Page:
For Dreyfus and Wheeler, classical AI and cognitive science rest on Cartesian assumptions that need to be overthrown in favour of a more Heideggerian stance before the frame problem can be overcome (Dreyfus 2008; Wheeler 2005; 2008). According to Wheeler (2005; 2008), the situated robotics movement in AI that originated with the work of Brooks (1991) exemplifies the right way to go. Dreyfus is in partial agreement, but contends that the early products of situated robotics “finesse rather than solve the frame problem” because “Brooks's robots respond only to fixed isolable features of the environment, not to context or changing significance” (Dreyfus 2008, 335). Dreyfus regards the neurodynamics work of Freeman (2000) as a better foundation for the sort of Heideggerian approach to AI in which the frame problem might be dissolved. Dreyfus is impressed by Freeman's approach because the neurodynamical record of significance is neither a representation nor an association, but (in dynamical systems terms) “a repertoire of attractors” that classify possible responses, “the attractors themselves being the product of past experience” (Dreyfus 2008, 354).
One philosophical legacy of the frame problem is that it has drawn attention to a cluster of issues relating to holism, or so-called informational unencapsulation. Recall that a process is informationally unencapsulated (Fodor sometimes uses the term “isotropic”) if there is no a priori boundary to what information is relevant to it. In recent writing, Fodor uses the term “frame problem” in the context of all informationally unencapsulated processes, and not just those to do with inferring the consequences of change (Fodor 2000, Ch.2). It's clear that idealised rationality is informationally unencapsulated, in this sense. It has also been suggested that isotropy is damaging to the so-called theory theory of folk psychology (Heal 1996). (For Heal, this lends support to the rival simulation theory, but Wilkerson (2001) argues that informational unencapsulation is a problem for both accounts of folk psychology.) Analogical reasoning, as Fodor says, is an example of “isotropy in the purest form: a process which depends precisely upon the transfer of information among cognitive domains previously assumed to be irrelevant” (Fodor 1983, 105). Arguably, a capacity for analogical and metaphorical thinking—a talent for creatively transcending the boundaries between different domains of understanding—is the source of human cognitive prowess (Lakoff & Johnson 1980; Mithen 1996). So the informational unencapsulation of analogical reasoning is potentially very troublesome, and especially so for modular theories of mind in which modules are viewed as (context-insensitive) specialists (Carruthers 2003; 2006).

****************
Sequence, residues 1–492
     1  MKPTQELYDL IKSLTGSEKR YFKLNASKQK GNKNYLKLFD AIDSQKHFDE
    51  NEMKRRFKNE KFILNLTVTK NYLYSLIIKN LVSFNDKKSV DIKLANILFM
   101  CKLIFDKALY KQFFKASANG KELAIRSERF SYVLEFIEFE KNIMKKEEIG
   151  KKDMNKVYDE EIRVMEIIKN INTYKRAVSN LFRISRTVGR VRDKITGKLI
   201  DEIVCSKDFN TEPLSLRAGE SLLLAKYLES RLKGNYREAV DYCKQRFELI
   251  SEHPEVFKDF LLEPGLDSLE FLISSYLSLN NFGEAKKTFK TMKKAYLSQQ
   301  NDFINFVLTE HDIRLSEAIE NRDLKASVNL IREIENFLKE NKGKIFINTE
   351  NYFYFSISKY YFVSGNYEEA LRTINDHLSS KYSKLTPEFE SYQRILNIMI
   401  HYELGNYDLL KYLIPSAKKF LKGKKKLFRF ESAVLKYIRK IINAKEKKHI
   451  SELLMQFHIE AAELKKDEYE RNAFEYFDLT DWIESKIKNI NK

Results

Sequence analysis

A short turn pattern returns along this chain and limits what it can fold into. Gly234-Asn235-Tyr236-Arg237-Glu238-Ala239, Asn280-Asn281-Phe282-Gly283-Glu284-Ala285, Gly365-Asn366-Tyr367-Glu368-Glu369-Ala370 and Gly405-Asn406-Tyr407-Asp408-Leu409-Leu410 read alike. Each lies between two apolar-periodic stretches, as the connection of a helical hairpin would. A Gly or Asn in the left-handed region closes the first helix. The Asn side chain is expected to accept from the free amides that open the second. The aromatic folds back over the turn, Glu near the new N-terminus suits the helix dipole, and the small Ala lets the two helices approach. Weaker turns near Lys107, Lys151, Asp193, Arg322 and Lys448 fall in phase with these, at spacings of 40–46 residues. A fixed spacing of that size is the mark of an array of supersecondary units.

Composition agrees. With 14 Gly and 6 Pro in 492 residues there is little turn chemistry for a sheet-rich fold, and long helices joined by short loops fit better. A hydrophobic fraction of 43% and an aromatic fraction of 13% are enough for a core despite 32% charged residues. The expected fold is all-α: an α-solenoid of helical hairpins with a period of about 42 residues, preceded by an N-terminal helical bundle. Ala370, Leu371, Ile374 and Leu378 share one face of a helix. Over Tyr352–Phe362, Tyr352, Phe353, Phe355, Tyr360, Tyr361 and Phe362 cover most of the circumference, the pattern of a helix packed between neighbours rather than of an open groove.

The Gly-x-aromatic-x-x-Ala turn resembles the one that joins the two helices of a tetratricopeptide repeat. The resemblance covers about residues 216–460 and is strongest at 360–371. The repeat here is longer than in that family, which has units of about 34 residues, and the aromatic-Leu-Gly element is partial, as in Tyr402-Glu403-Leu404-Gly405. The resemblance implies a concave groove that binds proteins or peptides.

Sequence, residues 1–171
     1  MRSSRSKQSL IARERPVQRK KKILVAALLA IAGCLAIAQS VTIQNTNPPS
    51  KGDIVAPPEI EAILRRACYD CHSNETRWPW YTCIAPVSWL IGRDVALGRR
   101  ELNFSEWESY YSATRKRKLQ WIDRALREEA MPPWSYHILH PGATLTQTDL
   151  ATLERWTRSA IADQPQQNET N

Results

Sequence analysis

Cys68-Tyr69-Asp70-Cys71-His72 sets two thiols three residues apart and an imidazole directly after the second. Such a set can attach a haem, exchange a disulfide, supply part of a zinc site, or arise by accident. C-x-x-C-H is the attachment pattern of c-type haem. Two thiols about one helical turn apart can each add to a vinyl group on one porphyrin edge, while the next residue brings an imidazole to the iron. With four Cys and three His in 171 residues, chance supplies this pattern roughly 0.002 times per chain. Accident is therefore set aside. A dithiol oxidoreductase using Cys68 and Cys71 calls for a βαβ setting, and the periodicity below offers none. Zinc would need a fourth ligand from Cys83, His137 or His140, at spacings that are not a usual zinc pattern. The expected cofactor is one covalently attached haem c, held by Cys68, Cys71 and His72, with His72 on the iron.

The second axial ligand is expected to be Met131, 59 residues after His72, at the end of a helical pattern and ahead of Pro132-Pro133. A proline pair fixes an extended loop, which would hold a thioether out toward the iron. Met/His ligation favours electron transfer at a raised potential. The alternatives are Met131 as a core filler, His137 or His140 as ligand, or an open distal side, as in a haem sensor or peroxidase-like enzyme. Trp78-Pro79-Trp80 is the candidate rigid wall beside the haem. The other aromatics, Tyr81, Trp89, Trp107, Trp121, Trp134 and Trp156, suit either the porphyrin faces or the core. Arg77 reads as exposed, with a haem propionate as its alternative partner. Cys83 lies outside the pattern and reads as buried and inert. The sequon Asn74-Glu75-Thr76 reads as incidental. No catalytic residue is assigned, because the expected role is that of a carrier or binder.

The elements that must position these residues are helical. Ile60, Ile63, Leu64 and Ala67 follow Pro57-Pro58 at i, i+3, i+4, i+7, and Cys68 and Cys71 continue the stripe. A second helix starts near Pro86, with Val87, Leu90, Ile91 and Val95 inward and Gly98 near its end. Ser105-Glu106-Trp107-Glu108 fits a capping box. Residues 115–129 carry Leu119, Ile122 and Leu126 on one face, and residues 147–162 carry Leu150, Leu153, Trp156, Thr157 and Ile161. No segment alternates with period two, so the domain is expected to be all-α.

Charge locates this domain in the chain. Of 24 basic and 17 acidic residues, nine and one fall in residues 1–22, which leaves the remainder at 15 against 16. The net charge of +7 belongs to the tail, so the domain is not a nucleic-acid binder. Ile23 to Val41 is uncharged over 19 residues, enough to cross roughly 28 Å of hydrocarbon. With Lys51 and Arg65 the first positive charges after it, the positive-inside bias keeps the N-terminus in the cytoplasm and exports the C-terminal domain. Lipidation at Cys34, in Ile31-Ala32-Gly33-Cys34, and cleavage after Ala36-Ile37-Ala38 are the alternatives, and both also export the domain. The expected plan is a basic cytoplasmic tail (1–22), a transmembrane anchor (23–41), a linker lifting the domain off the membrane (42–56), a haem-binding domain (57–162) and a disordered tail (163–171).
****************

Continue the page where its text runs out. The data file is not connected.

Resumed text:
Dreyfus claims that this “extreme version of the frame problem” is no less a consequence of the Cartesian assumptions of classical AI and cognitive science than its less demanding relatives (Dreyfus 2008, 361). He advances the view that a suitably Heideggerian account of mind is the basis for dissolving the frame problem here too, and that our “background familiarity with how things in the world behave” is sufficient, in such cases, to allow us to “step back and figure out what is relevant and how”. Dreyfus doesn't explain how, given the holistic, open-ended, context-sensitive character of relevance, this figuring-out is achieved. But Wheeler, from a similarly Heideggerian position, claims that the way to address the “inter-context” frame problem, as he calls it, is with a dynamical system in which “the causal contribution of each systemic component partially determines, and is partially determined by, the causal contributions of large numbers of other systemic components” (Wheeler 2008, 341). A related proposal is put forward by Shanahan and Baars (2005), based on global workspace theory (Baars 1988), according to which the brain incorporates a solution to the problem of informational unencapsulation by instantiating an architecture in which a) the responsibility for determining relevance is not centralised but is distributed among parallel specialist processes, and b) a serially unfolding global workspace state integrates relevant contributions from multiple domains.